Remember when companies offered college graduates a job with a few weeks of vacation, medical and dental insurance and a 401(k) plan? Well, those days are gone.
The millennials streaming into the workforce today, at companies both big and small, are expecting and getting benefits that baby boomers wouldn't even have thought of — or dared ask for. Among them: pet insurance, paid volunteering opportunities and student-loan repayment help, just to name a few.
What's more surprising is that millennials are even willing to take less pay for these benefits — a plus that puts many small businesses having difficulty making payroll each month back in the game to compete for great talent. According to the CNBC/SurveyMonkey Small Business Survey, 7 percent of the 2030 small businesses surveyed cite cost of labor as a critical issue.
The companies offering these unusual perks are going this route for a few reasons. First, they're doing it because the war for millennial talent in a low-unemployment climate makes finding and keeping the best workers that much harder. But perhaps more important, they're realizing that while millennials value good health insurance and paid time off, they want their jobs to address the other aspects of their lives that matter to them, including the crushing debt that many carry from college loans and, of course, their pets.
Some companies are going even further to keep millennials happy and loyal. In 2016, Boxed, the online warehouse club, began paying up to $20,000 for employees' weddings. (A year earlier founder and CEO Chieh Huang began footing the bill for his employees' children to go to college — a generous perk for sure, but one appealing to his older workers.) Since the average age of his employees is right around the time most folks decide to marry, financial help for a wedding is especially appreciated, Huang says, and a great tool for retention. He claims fewer than 10 full-time employees have left Boxed voluntarily since it launched four years ago.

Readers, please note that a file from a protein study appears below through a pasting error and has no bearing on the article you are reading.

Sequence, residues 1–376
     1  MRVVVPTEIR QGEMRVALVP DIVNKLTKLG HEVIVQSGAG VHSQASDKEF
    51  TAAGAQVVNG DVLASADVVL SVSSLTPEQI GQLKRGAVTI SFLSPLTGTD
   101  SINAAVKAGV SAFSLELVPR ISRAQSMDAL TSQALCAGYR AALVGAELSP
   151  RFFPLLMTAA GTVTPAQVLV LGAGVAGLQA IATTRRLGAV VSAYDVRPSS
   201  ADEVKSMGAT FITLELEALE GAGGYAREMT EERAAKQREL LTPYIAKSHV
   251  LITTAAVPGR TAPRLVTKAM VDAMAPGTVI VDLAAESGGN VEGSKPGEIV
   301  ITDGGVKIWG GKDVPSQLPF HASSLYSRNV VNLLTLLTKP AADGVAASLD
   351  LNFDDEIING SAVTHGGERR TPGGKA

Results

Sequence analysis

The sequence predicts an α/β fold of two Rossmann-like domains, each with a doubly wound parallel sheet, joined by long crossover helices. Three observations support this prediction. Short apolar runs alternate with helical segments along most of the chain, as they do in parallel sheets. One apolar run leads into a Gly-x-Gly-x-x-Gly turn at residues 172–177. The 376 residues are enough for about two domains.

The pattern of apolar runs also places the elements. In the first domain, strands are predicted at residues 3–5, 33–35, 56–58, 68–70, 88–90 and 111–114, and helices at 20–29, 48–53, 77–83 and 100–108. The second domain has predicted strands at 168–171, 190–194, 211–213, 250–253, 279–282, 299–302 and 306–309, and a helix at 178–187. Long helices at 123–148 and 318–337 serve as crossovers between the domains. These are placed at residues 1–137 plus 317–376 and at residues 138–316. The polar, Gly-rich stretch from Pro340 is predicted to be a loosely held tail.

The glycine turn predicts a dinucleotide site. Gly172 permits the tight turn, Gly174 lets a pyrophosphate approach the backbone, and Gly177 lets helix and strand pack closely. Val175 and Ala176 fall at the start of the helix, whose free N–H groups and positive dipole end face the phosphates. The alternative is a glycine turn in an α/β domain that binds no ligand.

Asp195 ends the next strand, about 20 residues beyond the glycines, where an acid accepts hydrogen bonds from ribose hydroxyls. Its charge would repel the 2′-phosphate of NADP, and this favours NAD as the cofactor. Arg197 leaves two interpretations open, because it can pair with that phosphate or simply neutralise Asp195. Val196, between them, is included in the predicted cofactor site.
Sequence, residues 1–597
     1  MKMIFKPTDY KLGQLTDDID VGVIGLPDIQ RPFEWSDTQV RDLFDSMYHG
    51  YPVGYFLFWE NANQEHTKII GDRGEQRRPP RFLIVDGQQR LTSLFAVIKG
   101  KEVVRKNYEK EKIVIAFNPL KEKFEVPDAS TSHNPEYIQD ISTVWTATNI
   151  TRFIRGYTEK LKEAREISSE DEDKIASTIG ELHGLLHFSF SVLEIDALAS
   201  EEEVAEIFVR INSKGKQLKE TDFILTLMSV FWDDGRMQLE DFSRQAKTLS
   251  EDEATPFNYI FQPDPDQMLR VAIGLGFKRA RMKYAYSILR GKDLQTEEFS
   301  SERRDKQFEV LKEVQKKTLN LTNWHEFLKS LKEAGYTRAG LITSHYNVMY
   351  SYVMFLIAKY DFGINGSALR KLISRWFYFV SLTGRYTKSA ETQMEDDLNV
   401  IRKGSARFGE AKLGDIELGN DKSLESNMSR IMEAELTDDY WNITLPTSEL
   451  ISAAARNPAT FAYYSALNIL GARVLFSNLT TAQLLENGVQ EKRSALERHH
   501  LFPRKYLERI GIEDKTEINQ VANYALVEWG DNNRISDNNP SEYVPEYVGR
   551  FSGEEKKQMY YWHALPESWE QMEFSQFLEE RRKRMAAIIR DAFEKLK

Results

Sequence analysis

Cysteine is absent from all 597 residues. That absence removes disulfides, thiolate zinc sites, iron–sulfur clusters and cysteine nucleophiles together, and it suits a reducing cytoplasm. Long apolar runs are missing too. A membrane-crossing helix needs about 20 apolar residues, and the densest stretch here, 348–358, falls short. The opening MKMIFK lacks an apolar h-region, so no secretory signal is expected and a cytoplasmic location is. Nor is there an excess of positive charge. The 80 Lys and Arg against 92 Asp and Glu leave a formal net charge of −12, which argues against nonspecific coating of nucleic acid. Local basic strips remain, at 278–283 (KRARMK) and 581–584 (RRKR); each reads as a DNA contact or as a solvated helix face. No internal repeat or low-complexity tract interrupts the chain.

Here's a rundown of some of the most popular perks for millennials these days, and why offering them could give you an edge over your competitors when it comes to landing the best talent.
Millennials want to work for companies that not only treat them right but also look to make a positive impact in the world. One of the ways that's happening is with paid time off for volunteering. In fact, on Fortune's list of the 100 Best Places to Work For, more than half offer this benefit to employees.
At Salesforce, employees can take up to 56 hours of paid volunteer time off each year. Stryker, the medical technology company, gives employees 40 hours of paid volunteer time each year. Unlike previous generations that viewed their personal, professional and philanthropic lives as separate, millennials tend to integrate all the elements of their lives. The Millennial Impact Report found that more than 75 percent of the millennials it surveyed said they "preferred to perform cause work with groups of fellow employees as opposed to doing independent service projects."
There's a reason why more young adults are still living with their parents today than at any other time in recent years: They can't afford to move out. A Pew Research Center analysis of U.S. census data shows that 15 percent of millennials ages 25 to 35 are still living at home, 5 percent higher than the share of Gen Xers who lived with Mom and Dad back in 2000. A big reason for this financial dilemma is that they're carrying record-breaking student loan debt. According to the Department of Education, roughly 44 million college graduates are responsible for paying back a staggering $1.4 trillion in loans. That means millennials are walking into their first job already carrying debt of nearly $28,000.